I sat in yesterday on an event hosted by LexisNexis on the webinar/virtual panel entitled “The Discipline and Benefits of Project Management.” The two panelist were Bruce MacEwan, Founder, Adam Smith Esq., and Tom Birsic, Partner and Litigation Practice Leader, K&L Gates, and both had a lot to say about the current state of Legal Project Management (LPM) for in-house and outside counsel. It was interesting to hear both MacEwan and Birsic discuss how LPM is basically still in its infancy and that currently there is a ‘fuzzy’ distinction between what lawyers consider case management, and what lawyers need to change in order to accomplish Legal Project Management. Subtle though it might seem on paper, MacEwan went on to say that the law firms that figure out that distinction and are the first to act and explain the value of LPM will be at a serious competitive advantage over their peer firms.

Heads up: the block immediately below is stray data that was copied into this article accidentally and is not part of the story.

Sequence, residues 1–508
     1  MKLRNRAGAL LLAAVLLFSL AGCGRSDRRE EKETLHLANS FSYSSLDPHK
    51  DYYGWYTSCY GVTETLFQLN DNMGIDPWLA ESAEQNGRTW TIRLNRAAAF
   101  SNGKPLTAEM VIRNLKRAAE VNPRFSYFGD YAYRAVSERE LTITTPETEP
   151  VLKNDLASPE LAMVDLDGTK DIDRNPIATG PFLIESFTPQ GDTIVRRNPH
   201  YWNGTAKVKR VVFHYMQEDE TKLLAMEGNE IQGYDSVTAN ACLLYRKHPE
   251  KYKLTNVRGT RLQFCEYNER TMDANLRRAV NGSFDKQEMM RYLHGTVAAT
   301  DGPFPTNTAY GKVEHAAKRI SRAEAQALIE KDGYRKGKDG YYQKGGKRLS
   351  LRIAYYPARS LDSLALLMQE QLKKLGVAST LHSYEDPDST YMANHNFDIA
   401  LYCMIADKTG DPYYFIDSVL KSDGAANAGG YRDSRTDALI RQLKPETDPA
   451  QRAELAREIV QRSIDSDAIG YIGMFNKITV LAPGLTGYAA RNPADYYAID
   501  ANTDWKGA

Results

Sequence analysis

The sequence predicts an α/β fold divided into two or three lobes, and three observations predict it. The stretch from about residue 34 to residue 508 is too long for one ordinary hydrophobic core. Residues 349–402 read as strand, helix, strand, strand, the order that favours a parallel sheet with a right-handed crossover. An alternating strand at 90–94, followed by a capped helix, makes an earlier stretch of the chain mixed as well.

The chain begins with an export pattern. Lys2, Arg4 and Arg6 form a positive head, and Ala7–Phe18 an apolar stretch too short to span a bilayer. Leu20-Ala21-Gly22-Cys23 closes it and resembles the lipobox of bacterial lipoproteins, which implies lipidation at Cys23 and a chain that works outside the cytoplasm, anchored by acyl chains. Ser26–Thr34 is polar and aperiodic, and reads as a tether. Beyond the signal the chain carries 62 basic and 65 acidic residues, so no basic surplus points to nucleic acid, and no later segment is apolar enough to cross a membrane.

I’ll list some of my notes that I took while listening in below, but wanted to reprint the overview of the discussion first, as I think it lays out a good overview of LPM and what the panelists were focused on discussing.  Note: It was actually a video panel – vpanel – but the video was quite disappointing because it tended to freeze and make the panelists look like they were in the middle of a painful medical procedure. Apologies to Kevin, Tom and Bruce for posting this snapshot of the vpanel… but the video was pretty bad…

Overview of Panel:

Project management is nothing more than rationally supervising the process of 

  1. deploying resources 

  2. which have associated costs 

  3. against tasks 

  4. to accomplish specified objectives. 

Viewed this way, disputed matters and transactions are simply types of projects, albeit sophisticated ones. Learn more about how project management can help make alternative billing models more predictable, transparent, and effective, including: